The ‘VIA 1’ in the fist config is referring to the ‘1’ interface already defined in my /etc/ax25/axports.
Configure the node:
sudo nano /etc/ax25/node.conf
There’s a lot of defaults and examples in this file. I kept any timeout values unchanged, but changed:
HostName KK6DCT-6 NodeId #DAVBBS:KK6DCT-6
sudo nano /etc/ax25/node.perms
I kept :
# user type port passwd perms kk6dct * * CHANGEPASSWORD 255 # Default permissions per connection type. # * ax25 * * 7 * netrom * * 7 * local * * 7 * ampr * * 7 * inet * * 7 * host * * 7
Change CHANGEPASSWORD for a password for local testing via telnet.
TODO – check whether I changed these defaults
nrbroadcast – in my default copy of the file there’s 2 default lines, one I’m assuming for port 1 and one for port 2. I’ve only configured port 1, so I deleted the second line:
sudo nano /etc/ax25/nrbroadcast
# /etc/ax25/nrbroadcast # # The format of this file is: # # ax25_name min_obs def_qual worst_qual verbose # 1 5 192 100 0 #2 5 255 100 1
Start up netrom:
sudo nrattach netrom
if you get a “no such device” error, do a “sudo modprobe netrom” first.
nrattach: SIOCGIFFLAGS: No such device nrattach: cannot find free NET/ROM device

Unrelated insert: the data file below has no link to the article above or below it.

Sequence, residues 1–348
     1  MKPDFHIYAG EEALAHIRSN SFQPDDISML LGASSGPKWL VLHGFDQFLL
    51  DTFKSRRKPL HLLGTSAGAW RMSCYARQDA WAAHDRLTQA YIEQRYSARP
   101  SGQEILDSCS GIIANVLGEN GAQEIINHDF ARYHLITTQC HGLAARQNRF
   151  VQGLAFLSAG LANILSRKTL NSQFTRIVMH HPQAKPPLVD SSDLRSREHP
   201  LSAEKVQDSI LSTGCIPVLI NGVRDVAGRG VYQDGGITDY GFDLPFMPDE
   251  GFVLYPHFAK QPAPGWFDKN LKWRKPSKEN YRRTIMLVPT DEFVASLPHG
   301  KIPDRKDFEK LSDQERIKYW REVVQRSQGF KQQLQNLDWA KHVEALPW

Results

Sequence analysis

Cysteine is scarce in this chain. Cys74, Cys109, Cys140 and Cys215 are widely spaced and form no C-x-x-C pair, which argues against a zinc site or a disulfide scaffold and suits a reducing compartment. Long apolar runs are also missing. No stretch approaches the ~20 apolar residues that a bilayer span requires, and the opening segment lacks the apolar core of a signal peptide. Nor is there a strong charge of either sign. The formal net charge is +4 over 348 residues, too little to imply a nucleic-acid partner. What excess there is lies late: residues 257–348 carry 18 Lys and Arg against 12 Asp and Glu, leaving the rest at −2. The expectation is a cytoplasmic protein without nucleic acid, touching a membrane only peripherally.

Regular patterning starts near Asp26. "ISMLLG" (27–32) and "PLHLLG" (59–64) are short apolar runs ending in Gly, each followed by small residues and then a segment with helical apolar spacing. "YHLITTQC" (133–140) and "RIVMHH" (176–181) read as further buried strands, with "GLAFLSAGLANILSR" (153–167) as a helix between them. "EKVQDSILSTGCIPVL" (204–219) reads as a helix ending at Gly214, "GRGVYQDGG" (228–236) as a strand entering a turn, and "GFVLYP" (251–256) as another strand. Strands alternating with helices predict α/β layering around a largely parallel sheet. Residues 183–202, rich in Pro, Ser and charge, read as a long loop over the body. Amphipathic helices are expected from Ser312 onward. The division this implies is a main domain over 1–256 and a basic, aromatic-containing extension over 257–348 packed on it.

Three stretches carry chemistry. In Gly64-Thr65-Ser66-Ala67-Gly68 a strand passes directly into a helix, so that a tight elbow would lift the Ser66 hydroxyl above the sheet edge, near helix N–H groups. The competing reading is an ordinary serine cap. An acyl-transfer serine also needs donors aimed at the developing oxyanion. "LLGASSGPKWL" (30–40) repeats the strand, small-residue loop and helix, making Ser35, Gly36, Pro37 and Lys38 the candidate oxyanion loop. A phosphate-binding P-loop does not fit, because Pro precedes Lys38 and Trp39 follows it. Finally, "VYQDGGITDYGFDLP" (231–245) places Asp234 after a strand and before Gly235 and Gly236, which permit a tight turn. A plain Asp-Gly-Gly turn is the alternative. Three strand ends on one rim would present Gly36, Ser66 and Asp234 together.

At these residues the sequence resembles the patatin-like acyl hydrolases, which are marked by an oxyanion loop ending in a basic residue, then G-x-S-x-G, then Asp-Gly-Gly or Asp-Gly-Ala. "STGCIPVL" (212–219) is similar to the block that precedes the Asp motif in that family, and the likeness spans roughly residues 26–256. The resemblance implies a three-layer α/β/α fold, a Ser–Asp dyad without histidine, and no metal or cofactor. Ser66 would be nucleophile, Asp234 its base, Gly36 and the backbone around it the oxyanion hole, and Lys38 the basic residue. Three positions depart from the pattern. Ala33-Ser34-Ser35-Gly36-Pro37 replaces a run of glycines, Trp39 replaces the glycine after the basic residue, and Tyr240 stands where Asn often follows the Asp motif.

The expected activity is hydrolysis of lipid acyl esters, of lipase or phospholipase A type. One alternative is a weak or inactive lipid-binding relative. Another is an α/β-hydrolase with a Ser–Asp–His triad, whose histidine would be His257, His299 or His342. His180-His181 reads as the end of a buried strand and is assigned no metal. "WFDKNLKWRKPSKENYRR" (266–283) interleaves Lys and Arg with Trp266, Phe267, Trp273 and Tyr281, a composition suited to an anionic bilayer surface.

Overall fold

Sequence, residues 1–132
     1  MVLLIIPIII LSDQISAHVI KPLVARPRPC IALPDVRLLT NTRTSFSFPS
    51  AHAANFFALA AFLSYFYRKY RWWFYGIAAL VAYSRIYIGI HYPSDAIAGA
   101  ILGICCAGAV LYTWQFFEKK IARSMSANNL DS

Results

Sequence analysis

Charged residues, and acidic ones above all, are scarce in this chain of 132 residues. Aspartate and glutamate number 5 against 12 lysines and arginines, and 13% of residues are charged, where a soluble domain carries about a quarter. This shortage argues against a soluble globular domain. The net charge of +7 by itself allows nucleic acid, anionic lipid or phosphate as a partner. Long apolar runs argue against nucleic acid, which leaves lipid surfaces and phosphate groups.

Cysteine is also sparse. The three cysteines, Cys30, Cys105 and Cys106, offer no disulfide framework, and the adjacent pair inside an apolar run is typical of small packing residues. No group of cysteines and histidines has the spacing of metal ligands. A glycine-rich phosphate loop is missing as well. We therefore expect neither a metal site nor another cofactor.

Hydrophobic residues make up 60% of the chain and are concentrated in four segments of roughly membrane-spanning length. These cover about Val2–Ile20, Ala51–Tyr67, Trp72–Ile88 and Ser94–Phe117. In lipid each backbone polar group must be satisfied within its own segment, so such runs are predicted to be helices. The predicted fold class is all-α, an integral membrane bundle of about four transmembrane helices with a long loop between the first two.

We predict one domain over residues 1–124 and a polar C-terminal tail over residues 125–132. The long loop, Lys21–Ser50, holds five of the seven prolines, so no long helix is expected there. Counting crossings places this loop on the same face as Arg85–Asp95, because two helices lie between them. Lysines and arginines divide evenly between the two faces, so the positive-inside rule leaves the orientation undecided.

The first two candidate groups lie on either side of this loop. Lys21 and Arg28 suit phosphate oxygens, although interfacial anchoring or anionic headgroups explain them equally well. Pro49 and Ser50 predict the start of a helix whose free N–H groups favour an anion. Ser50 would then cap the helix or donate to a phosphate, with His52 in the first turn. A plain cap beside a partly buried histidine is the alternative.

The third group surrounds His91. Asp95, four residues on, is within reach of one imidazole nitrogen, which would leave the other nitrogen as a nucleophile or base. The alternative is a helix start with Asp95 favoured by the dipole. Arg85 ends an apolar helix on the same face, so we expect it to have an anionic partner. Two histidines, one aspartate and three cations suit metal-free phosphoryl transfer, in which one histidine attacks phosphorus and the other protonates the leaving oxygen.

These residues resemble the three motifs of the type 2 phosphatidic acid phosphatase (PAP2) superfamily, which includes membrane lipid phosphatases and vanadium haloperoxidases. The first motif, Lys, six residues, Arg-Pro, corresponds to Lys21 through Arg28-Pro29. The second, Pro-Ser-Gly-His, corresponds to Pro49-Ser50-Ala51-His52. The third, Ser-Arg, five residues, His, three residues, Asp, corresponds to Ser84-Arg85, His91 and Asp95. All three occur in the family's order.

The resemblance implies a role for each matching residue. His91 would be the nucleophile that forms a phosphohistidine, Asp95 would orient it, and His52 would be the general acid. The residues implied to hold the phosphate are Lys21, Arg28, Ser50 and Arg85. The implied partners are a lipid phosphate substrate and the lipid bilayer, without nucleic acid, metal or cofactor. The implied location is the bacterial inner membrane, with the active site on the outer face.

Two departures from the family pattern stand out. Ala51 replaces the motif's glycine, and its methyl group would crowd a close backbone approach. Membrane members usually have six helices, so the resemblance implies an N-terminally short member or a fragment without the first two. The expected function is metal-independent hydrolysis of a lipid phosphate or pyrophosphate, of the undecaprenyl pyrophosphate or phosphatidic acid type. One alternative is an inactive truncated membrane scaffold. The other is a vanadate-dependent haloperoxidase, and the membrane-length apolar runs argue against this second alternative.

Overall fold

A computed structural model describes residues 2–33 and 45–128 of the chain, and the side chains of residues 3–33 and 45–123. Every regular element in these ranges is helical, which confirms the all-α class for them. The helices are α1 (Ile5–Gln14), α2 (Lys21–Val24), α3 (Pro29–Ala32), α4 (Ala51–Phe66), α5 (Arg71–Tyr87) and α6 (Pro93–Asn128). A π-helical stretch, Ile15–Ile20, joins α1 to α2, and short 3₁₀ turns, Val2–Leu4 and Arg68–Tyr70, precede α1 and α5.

$sudo modprobe netrom $ sudo nrattach netrom NET/ROM port netrom bound to device nr0
Configure telnet for testing:
sudo nano /etc/services
ax25-node 4444/tcp # KK6DCT-6 node
This allows an incoming connection e.g. via telnet to get handled by ax25-node.
Configure ax25-node to start at boot:
sudo nano /etc/inetd.conf
ax25-node stream tcp nowait root /usr/sbin/ax25-node ax25-node
Note that this file also has a default line added for a bbs service over ax25, but this line has wait instead of nowait. I don’t know what this option does, but if you use wait instead of nowait you won’t get a connection to the node – don’t uncomment this line:
#:OTHER: Other services #<off># bbs stream tcp wait root /usr/sbin/ax25-node ax25-no$
sudo service inetd restart
Now start up netromd and ax25d:
sudo netromd sudo ax25d
Ready to go!
At this point I can telnet into my node locally, and also receive incoming connections over Packet.
I tested this locally with 2 packet stations:
With this radio on low power (1w) I can get to the local BERR37 node on 145.370MHz up on the hills near Lake Berryessa – in a straight line that’s roughly 20 miles from my location.
To test accessing the node running Zork and a command line weather forecast util called ansiweather I used:
Here’s accessing the node (KK6DCT-6) via the VT132 and PK232. What you’re looking at here is the VGA output from the VT132 terminal connected to the PK232 TNC:
Here’s Direwolf running on the Raspberry Pi. The ax25 startup steps are on the left (I didn’t get them setup to start on boot yet), and Direwolf receiving and sending on the right:
Here’s the hardware side of this Packet craziness on my desk. The Wouxun and Signalink on the right are connected to the Raspberry Pi which is out of the picture on the right. The AES PK232 at the bottom is connected to the Icom 880h on the right (the rest of the gear is not in use for this packet setup):